Comparisons of frequency and orientation between left/right pairs of Gabor functions fitted to ICA components. (A) The relationship between the orientations of the left and right parts of the components. (B) A bootstrapped rose histogram of the absolute angle differences between left and right fitted Gabors. (C) A scaled-up subset of the angle differences between ±π/16. The main black line shows the median bootstrapped distribution, with the error bars showing the 95% CIs. Most fits produce Gabor functions with similar orientations.
Figure 5
 
Distribution of tuning frequencies of binocular Gabor pairs. (A) The distribution of pairs as a scatter plot. A clear linear relationship is visible between left and right frequencies. (B) The bootstrapped histogram of left/right frequency ratios. For consistency, ratios greater than 1 have been inverted to ensure a smallest/largest ratio. Most components have a frequency difference close to 0. The main black line shows the median bootstrapped distribution, with the error bars showing the 95% CIs.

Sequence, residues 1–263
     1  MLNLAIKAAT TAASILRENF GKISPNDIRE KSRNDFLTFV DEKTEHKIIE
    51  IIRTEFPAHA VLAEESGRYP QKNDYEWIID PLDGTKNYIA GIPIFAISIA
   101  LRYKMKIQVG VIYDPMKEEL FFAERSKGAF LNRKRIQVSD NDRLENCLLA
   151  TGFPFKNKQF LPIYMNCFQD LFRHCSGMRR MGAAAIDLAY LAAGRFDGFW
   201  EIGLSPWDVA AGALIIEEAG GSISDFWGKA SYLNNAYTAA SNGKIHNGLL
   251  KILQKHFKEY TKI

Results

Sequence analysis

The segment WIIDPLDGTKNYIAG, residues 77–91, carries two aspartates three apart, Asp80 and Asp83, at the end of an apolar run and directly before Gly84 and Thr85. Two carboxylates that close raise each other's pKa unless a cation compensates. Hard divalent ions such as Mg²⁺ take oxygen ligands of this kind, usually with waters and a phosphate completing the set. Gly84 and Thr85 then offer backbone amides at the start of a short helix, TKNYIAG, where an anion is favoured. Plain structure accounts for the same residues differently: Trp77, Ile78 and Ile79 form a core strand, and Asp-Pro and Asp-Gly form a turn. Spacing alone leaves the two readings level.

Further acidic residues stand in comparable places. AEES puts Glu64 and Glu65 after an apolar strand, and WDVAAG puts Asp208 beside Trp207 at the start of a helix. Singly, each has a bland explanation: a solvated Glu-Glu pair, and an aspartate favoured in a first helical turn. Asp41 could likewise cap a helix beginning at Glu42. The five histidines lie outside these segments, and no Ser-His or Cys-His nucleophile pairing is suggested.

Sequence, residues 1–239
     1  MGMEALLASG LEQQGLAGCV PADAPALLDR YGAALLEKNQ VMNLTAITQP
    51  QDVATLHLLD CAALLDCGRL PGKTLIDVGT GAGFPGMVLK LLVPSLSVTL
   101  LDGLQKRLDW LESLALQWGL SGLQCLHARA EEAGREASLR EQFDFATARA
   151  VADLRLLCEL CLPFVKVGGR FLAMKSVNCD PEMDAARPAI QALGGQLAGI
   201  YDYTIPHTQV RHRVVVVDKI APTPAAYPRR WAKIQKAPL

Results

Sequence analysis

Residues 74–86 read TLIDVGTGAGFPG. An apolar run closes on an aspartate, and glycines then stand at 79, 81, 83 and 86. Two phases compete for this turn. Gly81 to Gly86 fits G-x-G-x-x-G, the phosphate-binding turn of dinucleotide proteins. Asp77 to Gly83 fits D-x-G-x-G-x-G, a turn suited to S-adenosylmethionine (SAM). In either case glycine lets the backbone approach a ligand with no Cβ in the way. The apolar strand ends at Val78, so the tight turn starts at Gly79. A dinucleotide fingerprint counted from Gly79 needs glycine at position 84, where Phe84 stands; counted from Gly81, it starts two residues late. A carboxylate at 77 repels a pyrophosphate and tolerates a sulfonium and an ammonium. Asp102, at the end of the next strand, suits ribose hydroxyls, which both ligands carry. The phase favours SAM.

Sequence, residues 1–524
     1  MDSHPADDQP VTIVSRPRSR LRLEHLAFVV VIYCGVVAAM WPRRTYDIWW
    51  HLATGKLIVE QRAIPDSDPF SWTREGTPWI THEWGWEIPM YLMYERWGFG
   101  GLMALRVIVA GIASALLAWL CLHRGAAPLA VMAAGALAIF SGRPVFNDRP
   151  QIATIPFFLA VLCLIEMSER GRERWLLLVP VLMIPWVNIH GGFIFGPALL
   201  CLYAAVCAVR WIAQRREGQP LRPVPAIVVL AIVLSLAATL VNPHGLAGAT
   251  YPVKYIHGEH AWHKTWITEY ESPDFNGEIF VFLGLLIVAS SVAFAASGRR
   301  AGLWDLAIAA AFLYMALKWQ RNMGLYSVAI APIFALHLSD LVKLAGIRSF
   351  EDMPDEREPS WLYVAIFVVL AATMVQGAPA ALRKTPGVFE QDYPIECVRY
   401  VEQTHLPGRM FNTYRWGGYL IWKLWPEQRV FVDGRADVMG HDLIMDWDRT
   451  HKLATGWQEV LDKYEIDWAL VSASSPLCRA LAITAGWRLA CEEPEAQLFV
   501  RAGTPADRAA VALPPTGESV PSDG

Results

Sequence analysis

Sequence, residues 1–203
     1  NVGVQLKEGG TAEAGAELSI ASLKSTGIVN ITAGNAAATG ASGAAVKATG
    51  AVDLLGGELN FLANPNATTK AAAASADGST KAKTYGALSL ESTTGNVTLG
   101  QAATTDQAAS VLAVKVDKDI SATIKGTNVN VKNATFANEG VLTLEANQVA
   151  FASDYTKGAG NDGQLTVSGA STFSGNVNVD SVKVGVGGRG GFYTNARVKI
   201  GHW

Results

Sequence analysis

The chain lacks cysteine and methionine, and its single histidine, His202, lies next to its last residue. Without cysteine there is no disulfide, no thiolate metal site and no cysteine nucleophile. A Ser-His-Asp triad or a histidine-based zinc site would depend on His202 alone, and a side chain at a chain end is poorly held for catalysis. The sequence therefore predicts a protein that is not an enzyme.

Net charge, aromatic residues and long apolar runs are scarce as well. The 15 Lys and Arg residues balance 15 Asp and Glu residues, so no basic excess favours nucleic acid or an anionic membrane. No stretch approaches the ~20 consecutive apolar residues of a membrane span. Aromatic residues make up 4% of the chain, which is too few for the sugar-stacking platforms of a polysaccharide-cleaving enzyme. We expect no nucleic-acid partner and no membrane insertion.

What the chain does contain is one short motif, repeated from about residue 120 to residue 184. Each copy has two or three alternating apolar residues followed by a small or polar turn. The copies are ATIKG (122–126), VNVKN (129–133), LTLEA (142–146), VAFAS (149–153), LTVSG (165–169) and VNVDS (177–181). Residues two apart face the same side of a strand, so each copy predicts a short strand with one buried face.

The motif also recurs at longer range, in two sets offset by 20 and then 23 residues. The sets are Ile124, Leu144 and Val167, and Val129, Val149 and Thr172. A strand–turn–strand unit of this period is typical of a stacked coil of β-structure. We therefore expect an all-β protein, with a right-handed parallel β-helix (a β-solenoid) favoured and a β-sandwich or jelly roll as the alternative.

Figure 5
 
Distribution of tuning frequencies of binocular Gabor pairs. (A) The distribution of pairs as a scatter plot. A clear linear relationship is visible between left and right frequencies. (B) The bootstrapped histogram of left/right frequency ratios. For consistency, ratios greater than 1 have been inverted to ensure a smallest/largest ratio. Most components have a frequency difference close to 0. The main black line shows the median bootstrapped distribution, with the error bars showing the 95% CIs.
Figure 6